Pop Culture Review: Agent Carter

WARNING: SPOILERS AHEAD!

Agent Carter is a spy action-thriller TV show set in the 1940’s.  Its protagonist, unlike so many other Marvel and DC Comics productions, is female.  This alone makes the Agent Carter worth a precursory glance.  Undoubtedly, when Marvel executives got together, they envisioned the qualities Agent Carter embodies to be a major selling point of the show.

Agent Carter does highlight some issues central to feminism.  The show is, relatively speaking at least, bold in that depictions of sexism are frequent, overt, and jarring.  Agent Carter is sexually harassed on a frequent basis.  There are also multiple sexist microaggressions in every episode.  For it to be a feminist show Agent Carter needs to take a stand against these injustices and for the most part Peggy Carter does recognize the misogyny for exactly what it is and does not tolerate it.  It is impossible to watch Agent Carter and not be disgusted by her coworkers.  The show attempts to show the side of misogyny that we don’t talk about in society today.  Awesome.  We need more shows that do this.

Agent Carter’s empowered feminism is also central to the plot of season 1.  Very early on, Peggy Carter discovers an important revelation in a case of the utmost interest to national security.  Knowing that her coworkers and superiors are relatively incompetent and will absolutely take the case away from her if she gives them the chance, she decides to fly it solo.  The majority of the season becomes her unraveling the puzzle and hiding those findings from her agency.  This creates tension and drama as her agency is also trying to solve the same puzzle.  Agent Carter though do to her superior spycraft is always a step ahead and ends up solving the mystery before the agency.

How the show chooses to wrap up the first season though is my biggest criticism.  In the final episode as everything comes to a resolution, an important political figure comes to congratulate the agency on their impeccable work, almost all of which was because of Agent Carter.  Despite many of the agents knowing that Agent Carter did almost all of the work, one of her male coworkers greets the political figure and proceeds to take all of the credit.  This is important as the leader of the agency just recently passed away, leading to a power vacuum waiting to be filled.  Agent Carter’s male ally on the show then asks her why she doesn’t do anything.  She responds that she doesn’t need the praise and thanks, that she “knows my value” and that “anybody else’s opinion” doesn’t really matter.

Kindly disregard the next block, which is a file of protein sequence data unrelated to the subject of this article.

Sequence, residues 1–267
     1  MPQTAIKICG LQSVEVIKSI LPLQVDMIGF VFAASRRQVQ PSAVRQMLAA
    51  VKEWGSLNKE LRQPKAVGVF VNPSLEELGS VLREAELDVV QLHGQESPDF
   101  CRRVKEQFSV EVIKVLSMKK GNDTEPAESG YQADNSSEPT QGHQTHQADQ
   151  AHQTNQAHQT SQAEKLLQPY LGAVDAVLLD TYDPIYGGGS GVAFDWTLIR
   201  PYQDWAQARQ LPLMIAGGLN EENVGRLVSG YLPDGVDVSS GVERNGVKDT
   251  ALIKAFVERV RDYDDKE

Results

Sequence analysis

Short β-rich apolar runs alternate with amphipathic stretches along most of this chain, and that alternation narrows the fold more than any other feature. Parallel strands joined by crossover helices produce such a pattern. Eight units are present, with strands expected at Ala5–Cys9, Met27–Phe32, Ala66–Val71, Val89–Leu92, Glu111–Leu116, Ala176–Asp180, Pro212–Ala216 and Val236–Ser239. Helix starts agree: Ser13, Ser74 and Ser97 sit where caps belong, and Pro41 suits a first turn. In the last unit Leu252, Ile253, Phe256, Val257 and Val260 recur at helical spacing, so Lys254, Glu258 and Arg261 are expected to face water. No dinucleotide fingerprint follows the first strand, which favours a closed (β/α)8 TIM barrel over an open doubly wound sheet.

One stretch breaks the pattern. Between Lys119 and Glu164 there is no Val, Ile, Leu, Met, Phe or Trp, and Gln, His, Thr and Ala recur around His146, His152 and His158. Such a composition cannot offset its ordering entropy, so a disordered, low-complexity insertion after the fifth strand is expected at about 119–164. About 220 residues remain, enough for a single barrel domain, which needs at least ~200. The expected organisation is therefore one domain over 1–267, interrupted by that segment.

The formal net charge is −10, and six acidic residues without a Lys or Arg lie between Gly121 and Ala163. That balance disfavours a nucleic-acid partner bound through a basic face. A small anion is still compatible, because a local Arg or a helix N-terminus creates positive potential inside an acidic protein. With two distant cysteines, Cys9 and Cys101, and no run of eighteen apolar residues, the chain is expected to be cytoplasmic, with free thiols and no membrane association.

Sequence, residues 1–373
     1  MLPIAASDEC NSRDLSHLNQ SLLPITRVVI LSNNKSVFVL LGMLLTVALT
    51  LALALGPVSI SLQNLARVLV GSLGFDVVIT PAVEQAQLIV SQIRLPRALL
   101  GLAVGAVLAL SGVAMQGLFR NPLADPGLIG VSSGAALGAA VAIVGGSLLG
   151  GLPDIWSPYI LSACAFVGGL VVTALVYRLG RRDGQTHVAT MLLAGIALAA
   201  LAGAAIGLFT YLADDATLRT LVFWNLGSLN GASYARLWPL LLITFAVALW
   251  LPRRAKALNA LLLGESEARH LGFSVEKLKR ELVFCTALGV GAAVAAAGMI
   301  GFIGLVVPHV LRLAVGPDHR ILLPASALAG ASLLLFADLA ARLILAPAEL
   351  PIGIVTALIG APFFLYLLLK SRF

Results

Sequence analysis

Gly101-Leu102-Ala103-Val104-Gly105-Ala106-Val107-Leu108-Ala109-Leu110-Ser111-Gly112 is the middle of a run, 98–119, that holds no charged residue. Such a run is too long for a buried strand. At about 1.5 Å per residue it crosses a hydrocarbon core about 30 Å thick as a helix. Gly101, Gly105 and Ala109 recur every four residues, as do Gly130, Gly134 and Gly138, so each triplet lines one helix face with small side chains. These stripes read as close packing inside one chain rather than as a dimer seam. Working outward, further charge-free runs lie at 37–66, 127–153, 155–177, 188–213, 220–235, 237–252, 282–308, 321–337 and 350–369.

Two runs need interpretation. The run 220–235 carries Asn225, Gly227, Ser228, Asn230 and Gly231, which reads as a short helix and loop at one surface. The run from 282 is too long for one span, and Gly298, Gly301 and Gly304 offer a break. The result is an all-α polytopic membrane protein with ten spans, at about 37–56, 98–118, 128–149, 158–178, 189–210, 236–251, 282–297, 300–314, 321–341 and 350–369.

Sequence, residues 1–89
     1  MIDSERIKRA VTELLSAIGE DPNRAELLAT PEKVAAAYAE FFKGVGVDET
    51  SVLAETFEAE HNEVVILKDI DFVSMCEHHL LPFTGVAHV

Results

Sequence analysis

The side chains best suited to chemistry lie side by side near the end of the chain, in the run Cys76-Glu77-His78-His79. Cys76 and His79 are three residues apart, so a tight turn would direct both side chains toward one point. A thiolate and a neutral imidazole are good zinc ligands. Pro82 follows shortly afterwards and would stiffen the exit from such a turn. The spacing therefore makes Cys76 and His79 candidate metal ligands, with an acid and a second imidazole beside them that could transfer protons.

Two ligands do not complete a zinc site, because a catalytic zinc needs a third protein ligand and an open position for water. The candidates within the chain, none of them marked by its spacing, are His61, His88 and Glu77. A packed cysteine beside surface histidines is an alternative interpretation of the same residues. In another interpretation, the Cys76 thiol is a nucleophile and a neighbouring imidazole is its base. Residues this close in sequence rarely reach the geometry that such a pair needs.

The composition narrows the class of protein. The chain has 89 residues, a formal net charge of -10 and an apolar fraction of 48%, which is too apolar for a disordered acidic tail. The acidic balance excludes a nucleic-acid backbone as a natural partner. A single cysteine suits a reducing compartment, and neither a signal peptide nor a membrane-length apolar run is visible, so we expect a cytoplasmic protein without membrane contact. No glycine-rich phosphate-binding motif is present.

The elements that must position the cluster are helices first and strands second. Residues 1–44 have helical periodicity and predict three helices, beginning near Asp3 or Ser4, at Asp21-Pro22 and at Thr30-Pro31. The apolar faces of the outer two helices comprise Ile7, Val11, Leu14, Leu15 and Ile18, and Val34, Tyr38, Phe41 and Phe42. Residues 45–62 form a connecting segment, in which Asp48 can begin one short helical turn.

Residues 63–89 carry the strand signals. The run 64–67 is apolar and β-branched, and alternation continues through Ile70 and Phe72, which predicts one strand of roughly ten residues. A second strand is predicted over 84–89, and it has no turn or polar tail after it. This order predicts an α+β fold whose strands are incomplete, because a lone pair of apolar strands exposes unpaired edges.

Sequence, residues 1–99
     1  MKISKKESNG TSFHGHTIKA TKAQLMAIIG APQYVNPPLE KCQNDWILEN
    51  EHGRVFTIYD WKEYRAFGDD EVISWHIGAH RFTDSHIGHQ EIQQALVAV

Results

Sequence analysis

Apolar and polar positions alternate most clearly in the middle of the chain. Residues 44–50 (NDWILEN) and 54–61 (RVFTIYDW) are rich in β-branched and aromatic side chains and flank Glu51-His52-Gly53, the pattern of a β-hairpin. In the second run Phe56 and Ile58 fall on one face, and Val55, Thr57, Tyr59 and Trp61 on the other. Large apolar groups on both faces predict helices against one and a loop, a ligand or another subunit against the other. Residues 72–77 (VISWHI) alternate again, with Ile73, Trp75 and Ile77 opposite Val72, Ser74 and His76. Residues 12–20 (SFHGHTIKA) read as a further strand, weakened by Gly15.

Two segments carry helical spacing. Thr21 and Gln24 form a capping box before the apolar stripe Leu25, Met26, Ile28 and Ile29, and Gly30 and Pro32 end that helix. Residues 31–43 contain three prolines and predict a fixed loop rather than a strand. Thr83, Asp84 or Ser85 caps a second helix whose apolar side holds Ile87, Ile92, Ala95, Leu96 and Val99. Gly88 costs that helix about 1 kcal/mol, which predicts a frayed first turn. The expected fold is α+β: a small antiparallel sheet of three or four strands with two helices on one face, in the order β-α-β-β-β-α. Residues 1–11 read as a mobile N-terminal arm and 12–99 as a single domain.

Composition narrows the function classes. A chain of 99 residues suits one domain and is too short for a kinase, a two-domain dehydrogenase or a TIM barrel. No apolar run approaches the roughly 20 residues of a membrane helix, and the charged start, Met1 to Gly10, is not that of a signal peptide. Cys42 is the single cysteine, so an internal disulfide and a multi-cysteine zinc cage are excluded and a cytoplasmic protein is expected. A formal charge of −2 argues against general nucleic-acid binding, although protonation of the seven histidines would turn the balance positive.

This statement undermines all of the feminism displayed in season one and is a huge disappointment.  I want to first add that I agree, female empowerment is important and that women should not allow men to dictate their self-worth.  The thing is though, Peggy Carter already had that at the beginning of the show.  If she did not believe in herself, she would never have undertaken the covert operation in the first place.  This makes her statement at the end extremely empty and a prime example of “feel-good feminism.”  In the end, despite all of Peggy Carter’s hard work, she willingly accepts her position of unimportance at the agency.

Feminism that does not shake but in fact reinforces the social hierarchy and the cronyism and sexism that leads to male dominance is the most dangerous form of feminism.  If Peggy Carter had received the adulation and praise, she likely would have risen through the ranks and gained enough power to effect some real change in the agency.  She could have brought in women who were more qualified than her male coworkers.  She could have given them a chance they would never have had without a woman in a leadership position.  She could also have gotten paid what she deserved.  Yet she turns all of this down because she “already feels good about herself”.  Peggy Carter is the protagonist of a super-hero themed production company; she is supposed to be a role model to women. The only lesson she ends up teaching women though is how to do all of the work, get none of the credit, maintain the existing oppressive social hierarchy, and feel good about it at the same time.

If I had done my research, I really should have seen this disappointingly faux-feminist ending coming.  Turns out, the show’s creators and writers: Christopher Markus, Stan Lee, Jack Kirby, and Stephen McFeely are you guessed it, all men – and White men at that. Additionally, of the show’s 10 executive producers, only one is female.  The show’s 10 directors you ask?  ALL MEN.  When will Hollywood learn that you cannot create a tv show or a movie about oppression with only the privileged in the leadership roles behind the scenes?  The fundamental lack of understanding of what the real struggles and issues are tends to always rears its ugly head.

I could also go into the show’s lack of diversity and whitewashing of history but I’ll leave that for another day.

For a show that tries to paint itself as feminist, Agent Carter is in the end, as far from it as you can get.   If you’re looking for a  superhero show that doesn’t undermine its own feminist message, I suggest that you check out Jessica Jones instead.

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